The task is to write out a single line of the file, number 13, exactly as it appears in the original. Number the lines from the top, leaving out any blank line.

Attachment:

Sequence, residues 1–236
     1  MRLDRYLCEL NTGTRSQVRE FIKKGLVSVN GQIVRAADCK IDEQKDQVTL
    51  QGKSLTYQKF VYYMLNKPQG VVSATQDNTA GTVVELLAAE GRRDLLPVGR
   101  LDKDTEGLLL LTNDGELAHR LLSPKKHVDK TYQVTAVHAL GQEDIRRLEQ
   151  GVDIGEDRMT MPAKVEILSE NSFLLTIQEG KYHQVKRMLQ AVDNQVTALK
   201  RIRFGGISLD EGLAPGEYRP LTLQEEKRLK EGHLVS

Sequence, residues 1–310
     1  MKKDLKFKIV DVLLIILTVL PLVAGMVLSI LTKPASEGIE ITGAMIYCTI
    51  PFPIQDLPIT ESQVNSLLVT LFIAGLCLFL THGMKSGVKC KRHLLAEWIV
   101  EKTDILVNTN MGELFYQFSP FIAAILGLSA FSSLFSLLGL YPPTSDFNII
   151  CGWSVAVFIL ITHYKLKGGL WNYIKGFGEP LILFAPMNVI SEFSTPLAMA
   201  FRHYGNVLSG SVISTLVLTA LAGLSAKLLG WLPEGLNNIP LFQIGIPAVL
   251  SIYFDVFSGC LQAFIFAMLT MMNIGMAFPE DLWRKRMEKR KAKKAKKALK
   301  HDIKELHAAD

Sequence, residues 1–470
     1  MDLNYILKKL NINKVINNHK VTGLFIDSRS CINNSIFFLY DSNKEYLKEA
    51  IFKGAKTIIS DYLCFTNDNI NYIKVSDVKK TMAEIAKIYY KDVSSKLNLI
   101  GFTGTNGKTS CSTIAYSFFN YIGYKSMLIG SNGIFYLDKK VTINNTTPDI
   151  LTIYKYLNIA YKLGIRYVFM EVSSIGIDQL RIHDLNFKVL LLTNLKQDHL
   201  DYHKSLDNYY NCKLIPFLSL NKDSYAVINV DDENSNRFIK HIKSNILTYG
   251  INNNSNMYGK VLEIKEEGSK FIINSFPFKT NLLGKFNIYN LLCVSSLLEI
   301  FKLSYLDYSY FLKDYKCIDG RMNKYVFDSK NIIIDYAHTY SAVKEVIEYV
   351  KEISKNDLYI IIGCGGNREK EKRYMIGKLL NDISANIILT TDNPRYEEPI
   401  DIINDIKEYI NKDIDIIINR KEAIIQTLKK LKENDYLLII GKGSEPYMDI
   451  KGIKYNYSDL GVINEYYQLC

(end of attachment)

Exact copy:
   251  SIYFDVFSGC LQAFIFAMLT MMNIGMAFPE DLWRKRMEKR KAKKAKKALK